Well... back in Korea... when I was young, I remember the market day. It was a time when all merchants brought their items for sale from all over the surrounding places. The market day was held every three days or five days, and they were called as such: "Three-day Market" or "Five-day Market." On the market day, people gathered to look around, to shop, to eat, to play, to meet people or just to watch people.
In the U.S., there are farmers markets. Usually once a week and usually farmers gathered at one place to sell their produces. Other merchants also gathered to take advantage of the crowd in selling their products.
In Rwanda, they have the same market days. They are held every once or twice a week. These market days are lifelines for many poor people. If it rains on the market day, many people cannot even buy food, let alone make their loan payment. Many sell food stuff, such as fruits and vegetables. Some sell other stuff, like cooking oil, but rare. So many compete for the same customers and thus price ends up coming down. I strongly feel that we need to help them with more micro business ideas. It is the issue of micro enterprise development or MED and I intend to develop alliances with organizations and ministries from the second half of this year to expand the business options for the underprivileged.
Many bring their items in baskets on their heads. They can carry a lot over a long distance without having to hold the basket. It is an amazing act of balance. Some bring their stuff on their bicycles. Bicycles are an important transportation means to Rwandans, but they cannot ride up the hills that are so common in Rwanda. Please know that Rwanda is called a "land of thousand hills." So they often have to push the bicycles fully loaded with stuff up the hills for hours.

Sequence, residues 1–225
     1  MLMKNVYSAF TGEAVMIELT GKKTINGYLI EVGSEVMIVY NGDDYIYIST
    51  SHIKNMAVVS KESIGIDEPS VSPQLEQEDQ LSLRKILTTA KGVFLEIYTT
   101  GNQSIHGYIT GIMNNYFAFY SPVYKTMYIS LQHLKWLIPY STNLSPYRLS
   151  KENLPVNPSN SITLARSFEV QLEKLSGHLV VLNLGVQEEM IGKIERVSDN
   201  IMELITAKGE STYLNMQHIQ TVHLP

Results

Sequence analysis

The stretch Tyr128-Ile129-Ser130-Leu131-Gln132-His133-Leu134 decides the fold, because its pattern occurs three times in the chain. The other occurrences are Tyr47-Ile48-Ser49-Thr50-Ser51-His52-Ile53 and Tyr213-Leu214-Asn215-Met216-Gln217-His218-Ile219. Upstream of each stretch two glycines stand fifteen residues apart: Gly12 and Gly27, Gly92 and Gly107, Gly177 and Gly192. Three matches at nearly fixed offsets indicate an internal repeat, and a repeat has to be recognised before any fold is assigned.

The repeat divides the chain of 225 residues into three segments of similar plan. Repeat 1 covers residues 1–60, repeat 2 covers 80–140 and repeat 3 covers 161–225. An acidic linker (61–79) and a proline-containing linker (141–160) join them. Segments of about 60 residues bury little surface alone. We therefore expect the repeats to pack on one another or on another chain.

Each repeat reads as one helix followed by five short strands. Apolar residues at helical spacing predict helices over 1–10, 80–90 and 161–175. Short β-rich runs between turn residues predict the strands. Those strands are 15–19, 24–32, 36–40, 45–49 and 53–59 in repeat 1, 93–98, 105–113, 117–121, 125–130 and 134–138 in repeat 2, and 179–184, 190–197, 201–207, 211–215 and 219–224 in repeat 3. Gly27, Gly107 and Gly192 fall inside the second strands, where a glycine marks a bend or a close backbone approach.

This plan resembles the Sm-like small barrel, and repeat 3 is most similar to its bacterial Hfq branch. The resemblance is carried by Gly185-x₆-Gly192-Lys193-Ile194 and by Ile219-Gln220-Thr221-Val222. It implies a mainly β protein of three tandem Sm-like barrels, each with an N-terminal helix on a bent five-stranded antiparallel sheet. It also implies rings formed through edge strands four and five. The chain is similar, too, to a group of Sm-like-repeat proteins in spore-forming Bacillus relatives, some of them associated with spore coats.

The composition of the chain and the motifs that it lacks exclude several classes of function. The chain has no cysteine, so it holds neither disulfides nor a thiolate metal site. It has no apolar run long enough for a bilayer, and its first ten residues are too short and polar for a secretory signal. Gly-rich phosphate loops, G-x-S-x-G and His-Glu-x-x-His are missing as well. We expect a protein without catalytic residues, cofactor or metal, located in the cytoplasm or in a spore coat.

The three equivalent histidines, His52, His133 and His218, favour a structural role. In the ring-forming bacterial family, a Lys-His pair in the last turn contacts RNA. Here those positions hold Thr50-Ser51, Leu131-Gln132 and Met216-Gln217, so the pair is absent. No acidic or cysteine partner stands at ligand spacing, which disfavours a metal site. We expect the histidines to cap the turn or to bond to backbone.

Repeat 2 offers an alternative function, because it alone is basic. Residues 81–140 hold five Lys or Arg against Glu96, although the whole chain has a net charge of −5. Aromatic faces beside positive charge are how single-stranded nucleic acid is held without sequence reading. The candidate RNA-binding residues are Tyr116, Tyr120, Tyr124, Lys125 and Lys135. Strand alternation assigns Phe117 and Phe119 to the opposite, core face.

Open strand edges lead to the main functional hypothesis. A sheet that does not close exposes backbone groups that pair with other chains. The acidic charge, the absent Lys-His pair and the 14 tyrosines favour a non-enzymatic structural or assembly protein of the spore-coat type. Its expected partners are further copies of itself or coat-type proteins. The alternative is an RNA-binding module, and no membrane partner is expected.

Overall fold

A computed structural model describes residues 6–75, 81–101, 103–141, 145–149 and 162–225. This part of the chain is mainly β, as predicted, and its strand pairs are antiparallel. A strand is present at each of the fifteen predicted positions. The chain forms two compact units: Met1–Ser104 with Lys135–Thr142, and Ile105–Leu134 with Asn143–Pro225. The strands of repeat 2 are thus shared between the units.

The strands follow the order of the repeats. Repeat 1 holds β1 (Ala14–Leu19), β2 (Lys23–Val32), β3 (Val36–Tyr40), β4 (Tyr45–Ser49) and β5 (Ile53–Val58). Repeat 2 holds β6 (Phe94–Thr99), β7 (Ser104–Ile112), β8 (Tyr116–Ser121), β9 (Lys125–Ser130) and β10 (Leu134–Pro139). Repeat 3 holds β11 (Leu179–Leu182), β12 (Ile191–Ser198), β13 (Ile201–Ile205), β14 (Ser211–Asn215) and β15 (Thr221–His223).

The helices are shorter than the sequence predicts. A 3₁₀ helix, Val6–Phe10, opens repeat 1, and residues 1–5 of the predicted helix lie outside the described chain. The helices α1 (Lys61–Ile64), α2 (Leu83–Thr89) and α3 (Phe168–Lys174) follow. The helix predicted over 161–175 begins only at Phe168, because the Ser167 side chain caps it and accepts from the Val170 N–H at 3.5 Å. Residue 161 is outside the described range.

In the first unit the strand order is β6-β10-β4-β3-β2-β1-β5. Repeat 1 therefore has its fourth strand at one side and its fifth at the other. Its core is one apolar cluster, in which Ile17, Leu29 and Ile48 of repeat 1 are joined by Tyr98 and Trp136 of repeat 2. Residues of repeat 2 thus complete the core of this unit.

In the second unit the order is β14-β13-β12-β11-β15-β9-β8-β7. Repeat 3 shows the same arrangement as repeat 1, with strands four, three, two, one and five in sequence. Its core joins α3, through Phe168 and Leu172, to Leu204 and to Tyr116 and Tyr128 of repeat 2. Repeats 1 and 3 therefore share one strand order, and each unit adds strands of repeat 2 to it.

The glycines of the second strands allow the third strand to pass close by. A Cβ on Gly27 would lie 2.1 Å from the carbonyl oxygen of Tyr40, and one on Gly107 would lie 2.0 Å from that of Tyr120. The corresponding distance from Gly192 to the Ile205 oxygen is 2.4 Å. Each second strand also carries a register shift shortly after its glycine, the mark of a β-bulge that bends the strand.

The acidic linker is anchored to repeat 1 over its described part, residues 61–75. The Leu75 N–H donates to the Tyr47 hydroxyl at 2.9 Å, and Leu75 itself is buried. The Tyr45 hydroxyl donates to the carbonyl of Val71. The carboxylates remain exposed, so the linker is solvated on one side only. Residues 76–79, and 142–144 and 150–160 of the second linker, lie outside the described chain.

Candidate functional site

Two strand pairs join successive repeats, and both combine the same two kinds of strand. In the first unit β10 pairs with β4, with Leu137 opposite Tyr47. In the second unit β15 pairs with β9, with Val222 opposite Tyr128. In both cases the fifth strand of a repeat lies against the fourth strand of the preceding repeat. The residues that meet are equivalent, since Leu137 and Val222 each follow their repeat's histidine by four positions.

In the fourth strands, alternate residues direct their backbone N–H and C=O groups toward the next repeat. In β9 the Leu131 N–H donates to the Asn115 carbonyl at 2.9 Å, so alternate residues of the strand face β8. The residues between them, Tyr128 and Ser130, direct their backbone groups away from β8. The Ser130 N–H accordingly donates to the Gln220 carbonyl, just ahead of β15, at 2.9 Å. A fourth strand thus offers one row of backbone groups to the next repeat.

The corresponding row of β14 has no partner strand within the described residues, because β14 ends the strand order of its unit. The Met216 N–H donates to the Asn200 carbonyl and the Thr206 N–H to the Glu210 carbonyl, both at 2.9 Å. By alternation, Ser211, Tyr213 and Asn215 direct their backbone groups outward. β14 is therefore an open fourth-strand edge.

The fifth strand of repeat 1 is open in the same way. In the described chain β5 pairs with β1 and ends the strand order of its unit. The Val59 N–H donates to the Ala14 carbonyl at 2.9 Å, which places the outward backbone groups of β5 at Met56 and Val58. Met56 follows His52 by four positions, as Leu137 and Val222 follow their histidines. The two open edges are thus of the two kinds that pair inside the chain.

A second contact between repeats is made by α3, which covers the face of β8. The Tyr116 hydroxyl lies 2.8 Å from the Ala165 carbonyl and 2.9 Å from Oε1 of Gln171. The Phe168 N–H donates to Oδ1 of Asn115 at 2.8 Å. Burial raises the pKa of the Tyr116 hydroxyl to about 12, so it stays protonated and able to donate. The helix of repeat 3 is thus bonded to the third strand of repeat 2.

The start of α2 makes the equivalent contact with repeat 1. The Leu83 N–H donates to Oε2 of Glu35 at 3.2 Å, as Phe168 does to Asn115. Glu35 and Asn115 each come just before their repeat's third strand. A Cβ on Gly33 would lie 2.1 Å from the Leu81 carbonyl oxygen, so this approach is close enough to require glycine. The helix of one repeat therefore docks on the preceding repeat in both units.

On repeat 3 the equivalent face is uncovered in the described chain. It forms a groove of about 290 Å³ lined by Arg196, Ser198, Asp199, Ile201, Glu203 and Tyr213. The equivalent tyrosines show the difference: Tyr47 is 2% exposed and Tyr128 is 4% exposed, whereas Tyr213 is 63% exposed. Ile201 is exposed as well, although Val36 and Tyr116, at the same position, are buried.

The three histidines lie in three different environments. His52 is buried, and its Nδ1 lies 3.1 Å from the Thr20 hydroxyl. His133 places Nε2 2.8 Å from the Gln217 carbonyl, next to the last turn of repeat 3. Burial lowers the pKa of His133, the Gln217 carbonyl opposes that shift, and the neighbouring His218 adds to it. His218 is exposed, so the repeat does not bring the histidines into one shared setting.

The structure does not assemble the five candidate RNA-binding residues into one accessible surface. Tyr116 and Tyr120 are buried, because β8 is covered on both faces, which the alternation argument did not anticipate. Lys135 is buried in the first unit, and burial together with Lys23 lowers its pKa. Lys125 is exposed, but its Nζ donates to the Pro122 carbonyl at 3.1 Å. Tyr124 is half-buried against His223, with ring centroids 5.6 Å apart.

On one market day, I saw a barber cutting hair for people. You know Africans usually don't have long hair. And, their hair styles are pretty much the same. Shaved. Boys and girls, or man and woman, or young and old. They all have pretty much the same hairstyles. Initially, I was wondering how I could distinguish among them since they all have the same color skins and the same hair styles. But amazingly, I find myself be able to distinguish among them without too much difficulty these days. Their head shapes, their faces, their heights, their skin colors (that is right! there are many colors in black), their skin tones, their noses, their eyes, their lips, their smiles, their body shapes, etc... It is the same with any Asians or White people or "Muzungus" as they call them.
Oh what a finding you may say... but it was an enlightening experience. I remember that many Caucasians or African Americans were saying all Asians look alike. But they soon start distinguishing among Asians. I had a great argument on this issue with them, but now I am on the same boat doing exactly the same thing.
At any rate, the market day is a day of excitement, ancient or contemporary, west or east, and north or south. The same is true in Africa. It is a nostalgic experience. - Jeffrey